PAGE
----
Te Whare Ra Single Vineyard 5182 Pinot Noir 2013, Marlborough, NZD $75
I like Gewurztraminer. Many people find the wine too perfumed, too floral or perhaps too sweet. Most find it hard to pronounce (it’s “gay-vertz-tram-eener”). For those reasons Gewurztraminer ranks eighth in terms of production size. It’s difficult to grow, difficult to make and difficult to sell according to one winemaker who continues to make it simply because it produces terrific wine by international standards. The fact that he enjoys drinking it also helps.
I travel to Asia often and love to explore the very diverse dishes from many countries. There’s not much I don’t eat, although I do find sea cucumbers a bit of a struggle. Matching food with wine is a fascinating exercise. I’ve enjoyed some brilliants matches although on several occasions have swapped my wine glass for a cup of jasmine tea or beaker of sake. The greatest challenge has been large banquets in China where more than 20 dishes are served with perhaps two or three different wines. Not every match works well … but its fun trying.
Pinot noir winemakers are either the most sophisticated and intellectual winemakers on Earth, or the most confused. After attending the two recent celebrations of pinot noir, a four-day event in Wellington and a two-day event on the Mornington Peninsula, and several associated events such as a couple of days in Martinborough and the Wairarapa, and a side-tasting of Ted Lemon’s Littorai wines from California, your correspondent is still in shock.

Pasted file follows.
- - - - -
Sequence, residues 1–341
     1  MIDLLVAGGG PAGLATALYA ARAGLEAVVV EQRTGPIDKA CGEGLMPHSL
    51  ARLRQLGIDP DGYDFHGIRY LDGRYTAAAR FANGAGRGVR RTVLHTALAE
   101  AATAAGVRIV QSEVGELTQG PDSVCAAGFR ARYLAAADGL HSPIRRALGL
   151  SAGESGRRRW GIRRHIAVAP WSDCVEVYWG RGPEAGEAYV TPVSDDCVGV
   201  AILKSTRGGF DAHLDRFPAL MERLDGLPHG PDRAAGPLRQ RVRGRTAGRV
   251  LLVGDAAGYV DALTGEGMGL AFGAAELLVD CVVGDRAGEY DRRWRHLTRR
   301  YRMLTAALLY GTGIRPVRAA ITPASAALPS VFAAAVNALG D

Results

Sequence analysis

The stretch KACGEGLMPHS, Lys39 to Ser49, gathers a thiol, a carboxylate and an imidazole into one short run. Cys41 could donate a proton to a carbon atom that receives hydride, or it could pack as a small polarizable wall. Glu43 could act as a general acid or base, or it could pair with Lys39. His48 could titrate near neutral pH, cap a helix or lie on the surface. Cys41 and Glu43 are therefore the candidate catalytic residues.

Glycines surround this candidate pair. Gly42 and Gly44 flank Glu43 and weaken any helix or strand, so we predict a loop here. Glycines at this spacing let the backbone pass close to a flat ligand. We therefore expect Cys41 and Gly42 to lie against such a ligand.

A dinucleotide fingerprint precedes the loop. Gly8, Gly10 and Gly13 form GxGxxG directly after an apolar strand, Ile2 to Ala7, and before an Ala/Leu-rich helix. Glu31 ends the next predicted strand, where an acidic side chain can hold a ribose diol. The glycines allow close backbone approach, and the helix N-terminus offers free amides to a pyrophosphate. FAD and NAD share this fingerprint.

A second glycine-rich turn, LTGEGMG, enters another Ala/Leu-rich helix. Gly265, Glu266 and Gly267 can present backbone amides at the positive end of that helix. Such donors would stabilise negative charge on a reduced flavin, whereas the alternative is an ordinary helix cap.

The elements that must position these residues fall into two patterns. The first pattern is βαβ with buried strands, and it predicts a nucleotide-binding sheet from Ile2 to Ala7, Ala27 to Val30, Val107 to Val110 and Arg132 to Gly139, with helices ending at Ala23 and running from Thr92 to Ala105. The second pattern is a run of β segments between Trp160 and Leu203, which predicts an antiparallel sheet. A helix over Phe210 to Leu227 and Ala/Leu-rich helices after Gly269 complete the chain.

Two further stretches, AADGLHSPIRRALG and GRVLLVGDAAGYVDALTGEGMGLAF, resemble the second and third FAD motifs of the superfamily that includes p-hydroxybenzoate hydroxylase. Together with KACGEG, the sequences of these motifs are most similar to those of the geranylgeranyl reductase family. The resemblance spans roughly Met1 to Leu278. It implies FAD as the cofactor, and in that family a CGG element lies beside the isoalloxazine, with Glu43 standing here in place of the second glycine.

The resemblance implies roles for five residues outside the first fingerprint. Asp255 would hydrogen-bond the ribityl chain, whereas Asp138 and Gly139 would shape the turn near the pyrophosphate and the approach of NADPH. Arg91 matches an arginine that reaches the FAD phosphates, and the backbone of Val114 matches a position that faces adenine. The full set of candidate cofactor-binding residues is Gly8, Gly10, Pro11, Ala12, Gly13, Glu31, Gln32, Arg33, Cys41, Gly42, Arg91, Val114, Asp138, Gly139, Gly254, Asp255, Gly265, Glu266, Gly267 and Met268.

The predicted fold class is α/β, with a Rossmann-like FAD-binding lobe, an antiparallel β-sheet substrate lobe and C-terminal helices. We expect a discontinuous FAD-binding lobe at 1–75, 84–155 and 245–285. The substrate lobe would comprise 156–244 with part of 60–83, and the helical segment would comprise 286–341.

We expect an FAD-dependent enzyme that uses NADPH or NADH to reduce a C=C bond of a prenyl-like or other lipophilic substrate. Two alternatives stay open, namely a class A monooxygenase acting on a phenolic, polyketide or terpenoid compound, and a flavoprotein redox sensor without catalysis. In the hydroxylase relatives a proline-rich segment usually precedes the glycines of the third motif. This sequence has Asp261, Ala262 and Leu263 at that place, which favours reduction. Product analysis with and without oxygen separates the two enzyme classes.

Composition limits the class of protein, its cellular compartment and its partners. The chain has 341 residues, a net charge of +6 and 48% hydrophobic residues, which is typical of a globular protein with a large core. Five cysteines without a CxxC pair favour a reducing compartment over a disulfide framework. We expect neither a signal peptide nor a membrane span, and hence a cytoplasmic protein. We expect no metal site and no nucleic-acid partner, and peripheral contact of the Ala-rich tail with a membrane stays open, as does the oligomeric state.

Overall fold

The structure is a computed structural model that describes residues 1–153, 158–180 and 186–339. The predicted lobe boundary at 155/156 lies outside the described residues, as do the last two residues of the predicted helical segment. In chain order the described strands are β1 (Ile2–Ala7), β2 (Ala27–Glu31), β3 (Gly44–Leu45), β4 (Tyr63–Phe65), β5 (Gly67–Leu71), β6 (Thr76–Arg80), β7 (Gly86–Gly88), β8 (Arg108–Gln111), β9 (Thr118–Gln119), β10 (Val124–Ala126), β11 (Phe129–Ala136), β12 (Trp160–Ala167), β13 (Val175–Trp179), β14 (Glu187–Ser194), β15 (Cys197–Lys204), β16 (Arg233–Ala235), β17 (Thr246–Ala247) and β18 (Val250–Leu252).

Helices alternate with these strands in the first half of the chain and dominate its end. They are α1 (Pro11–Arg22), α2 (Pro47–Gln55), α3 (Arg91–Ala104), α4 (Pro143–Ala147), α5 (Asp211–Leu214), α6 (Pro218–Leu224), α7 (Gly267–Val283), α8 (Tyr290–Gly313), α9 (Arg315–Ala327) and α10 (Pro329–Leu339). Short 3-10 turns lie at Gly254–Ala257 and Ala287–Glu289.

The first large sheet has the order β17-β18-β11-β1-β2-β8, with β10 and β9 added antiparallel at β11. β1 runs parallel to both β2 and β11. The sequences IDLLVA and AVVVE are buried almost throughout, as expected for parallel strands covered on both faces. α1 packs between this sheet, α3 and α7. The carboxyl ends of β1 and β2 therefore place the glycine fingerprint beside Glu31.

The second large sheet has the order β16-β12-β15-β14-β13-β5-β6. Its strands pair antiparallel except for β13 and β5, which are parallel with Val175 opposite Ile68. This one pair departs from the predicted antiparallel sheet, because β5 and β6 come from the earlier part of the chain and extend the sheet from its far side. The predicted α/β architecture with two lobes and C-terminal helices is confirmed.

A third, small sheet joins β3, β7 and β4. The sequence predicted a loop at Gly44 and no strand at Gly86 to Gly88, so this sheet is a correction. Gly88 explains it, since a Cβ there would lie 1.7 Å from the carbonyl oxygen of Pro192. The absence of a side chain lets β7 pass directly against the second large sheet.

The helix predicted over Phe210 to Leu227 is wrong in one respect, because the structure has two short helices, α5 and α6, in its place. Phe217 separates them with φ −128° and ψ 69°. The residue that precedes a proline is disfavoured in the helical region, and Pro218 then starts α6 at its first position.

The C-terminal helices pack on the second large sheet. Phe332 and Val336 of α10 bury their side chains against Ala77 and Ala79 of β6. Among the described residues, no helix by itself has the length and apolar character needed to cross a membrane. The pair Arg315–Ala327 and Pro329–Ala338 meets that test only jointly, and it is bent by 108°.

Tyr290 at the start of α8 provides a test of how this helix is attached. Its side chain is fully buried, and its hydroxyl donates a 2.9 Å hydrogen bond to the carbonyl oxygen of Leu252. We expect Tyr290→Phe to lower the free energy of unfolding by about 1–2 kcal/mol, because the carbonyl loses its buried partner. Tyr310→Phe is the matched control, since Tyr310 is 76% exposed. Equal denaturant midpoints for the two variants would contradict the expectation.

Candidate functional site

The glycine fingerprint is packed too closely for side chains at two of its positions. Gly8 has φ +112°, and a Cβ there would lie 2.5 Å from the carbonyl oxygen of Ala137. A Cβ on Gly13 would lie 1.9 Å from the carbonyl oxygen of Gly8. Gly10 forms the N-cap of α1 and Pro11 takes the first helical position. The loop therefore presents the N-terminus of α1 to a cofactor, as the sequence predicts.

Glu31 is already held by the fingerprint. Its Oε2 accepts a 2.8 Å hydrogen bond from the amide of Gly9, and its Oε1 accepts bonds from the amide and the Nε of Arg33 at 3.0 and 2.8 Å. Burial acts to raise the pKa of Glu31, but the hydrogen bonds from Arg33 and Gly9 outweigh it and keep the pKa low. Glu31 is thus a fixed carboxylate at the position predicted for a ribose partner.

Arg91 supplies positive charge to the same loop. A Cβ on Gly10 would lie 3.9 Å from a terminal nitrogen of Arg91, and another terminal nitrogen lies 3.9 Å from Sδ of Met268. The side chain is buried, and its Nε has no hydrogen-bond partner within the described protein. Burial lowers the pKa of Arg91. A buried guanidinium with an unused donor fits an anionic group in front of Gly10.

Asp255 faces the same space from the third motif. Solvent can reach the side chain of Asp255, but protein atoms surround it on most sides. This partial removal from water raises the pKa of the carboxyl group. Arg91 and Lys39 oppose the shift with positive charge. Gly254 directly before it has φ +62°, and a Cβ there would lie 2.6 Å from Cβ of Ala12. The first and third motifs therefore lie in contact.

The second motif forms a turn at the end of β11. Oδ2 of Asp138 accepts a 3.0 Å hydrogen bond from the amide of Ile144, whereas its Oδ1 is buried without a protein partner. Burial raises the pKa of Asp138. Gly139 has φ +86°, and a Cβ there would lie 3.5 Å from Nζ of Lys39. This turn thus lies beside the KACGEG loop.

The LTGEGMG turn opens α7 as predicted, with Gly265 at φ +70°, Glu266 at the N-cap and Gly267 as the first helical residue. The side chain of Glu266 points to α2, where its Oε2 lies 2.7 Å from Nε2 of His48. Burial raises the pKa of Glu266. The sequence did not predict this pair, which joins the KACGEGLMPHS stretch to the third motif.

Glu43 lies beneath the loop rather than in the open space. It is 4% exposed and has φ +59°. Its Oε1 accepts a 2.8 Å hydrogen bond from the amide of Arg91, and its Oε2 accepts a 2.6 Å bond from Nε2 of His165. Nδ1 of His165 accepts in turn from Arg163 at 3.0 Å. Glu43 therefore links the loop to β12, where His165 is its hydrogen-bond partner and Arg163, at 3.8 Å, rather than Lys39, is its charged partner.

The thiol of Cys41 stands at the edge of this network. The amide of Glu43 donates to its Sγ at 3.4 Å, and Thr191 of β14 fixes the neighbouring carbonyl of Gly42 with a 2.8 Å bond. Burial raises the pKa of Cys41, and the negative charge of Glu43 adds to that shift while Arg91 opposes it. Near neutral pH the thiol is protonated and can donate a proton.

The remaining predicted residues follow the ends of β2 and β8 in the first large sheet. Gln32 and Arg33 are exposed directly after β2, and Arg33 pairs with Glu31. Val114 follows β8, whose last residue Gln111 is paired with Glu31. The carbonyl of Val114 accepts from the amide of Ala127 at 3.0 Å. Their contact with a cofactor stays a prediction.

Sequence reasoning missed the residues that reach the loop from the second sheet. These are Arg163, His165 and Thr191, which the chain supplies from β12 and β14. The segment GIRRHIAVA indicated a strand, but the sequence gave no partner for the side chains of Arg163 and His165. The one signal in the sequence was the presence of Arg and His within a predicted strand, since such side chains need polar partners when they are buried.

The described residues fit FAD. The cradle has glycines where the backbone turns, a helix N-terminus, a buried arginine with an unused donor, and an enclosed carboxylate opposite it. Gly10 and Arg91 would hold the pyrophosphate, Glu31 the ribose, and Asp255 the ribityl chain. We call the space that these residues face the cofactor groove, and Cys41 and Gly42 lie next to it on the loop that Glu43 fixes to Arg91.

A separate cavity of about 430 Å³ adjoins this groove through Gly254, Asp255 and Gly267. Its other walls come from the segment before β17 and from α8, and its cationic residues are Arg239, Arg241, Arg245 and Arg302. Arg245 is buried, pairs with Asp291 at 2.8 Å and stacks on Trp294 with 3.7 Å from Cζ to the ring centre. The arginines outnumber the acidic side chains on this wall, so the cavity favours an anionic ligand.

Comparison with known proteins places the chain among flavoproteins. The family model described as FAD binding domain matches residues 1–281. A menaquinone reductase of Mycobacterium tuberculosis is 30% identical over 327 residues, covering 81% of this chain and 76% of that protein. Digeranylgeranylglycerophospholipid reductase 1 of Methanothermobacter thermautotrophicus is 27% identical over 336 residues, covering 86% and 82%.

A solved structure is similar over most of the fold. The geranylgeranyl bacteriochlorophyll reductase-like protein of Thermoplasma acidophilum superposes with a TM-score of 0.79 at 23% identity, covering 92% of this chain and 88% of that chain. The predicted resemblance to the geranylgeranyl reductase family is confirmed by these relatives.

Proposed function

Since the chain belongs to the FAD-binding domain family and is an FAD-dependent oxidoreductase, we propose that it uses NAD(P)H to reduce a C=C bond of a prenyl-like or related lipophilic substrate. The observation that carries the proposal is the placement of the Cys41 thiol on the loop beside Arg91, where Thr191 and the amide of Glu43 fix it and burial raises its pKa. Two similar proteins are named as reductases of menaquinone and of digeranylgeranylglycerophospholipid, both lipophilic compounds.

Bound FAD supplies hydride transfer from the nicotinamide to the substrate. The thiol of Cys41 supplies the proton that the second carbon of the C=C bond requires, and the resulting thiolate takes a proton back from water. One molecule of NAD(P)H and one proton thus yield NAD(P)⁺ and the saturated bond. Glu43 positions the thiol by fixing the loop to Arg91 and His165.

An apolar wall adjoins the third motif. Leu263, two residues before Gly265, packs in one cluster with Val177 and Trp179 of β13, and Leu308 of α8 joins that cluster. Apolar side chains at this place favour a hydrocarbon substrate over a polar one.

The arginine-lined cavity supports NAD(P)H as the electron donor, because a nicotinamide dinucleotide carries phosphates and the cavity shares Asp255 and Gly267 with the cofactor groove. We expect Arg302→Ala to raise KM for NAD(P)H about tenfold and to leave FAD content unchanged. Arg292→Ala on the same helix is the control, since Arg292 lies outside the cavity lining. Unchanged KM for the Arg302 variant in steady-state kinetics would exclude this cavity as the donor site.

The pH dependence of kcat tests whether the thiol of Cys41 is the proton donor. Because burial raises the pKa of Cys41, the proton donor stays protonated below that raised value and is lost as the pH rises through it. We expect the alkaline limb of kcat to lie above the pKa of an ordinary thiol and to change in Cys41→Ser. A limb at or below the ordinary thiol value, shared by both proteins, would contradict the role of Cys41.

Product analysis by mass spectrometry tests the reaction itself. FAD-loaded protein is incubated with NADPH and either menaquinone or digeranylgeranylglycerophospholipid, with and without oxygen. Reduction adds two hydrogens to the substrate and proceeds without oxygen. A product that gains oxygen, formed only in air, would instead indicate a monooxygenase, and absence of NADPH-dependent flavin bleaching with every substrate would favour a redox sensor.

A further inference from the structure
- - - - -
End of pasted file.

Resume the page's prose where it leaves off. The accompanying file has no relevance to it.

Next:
Why don’t more people drink Riesling? The answer, according to a recent survey, is that many people (my wife among them) think that Riesling is too sweet. Most Australian Riesling is dry which perhaps explains why Riesling is less popular in this country where it is more likely to be slightly sweet. The simple explanation for this difference in sweetness can be explained by the relatively lower acidity levels in the warmer Clare and Eden Valleys where much Australian Riesling is grown. Higher acidity levels, particularly in New Zealand’s cooler South Island wine regions, demand that the tangy acidity be balanced by at least a suggestion of sweetness.
Five organic Marlborough wineries recently got together to form a group with the catchy name of Mana (Marlborough Natural Winegrowers). They are Fromm, Huia, Hans Herzog, Te Whare Ra (TWR) and Seresin. I tasted 53 of their wines. Collectively they are a cut or two above the Marlborough average. Does that mean that using organic winemaking and grape-growing methods produces higher quality wine? Possibly. But it might also indicate that these five wine producers are more quality-conscious than most. It’s hard to prove one way or the other.
Australians could be accused of being obsessed with mono-varietal wines, with some justification. Just look through your local bottle-shop and you’ll see the labels mostly carry the name of just one grape, such as chardonnay, sauvignon blanc, riesling, shiraz or pinot noir.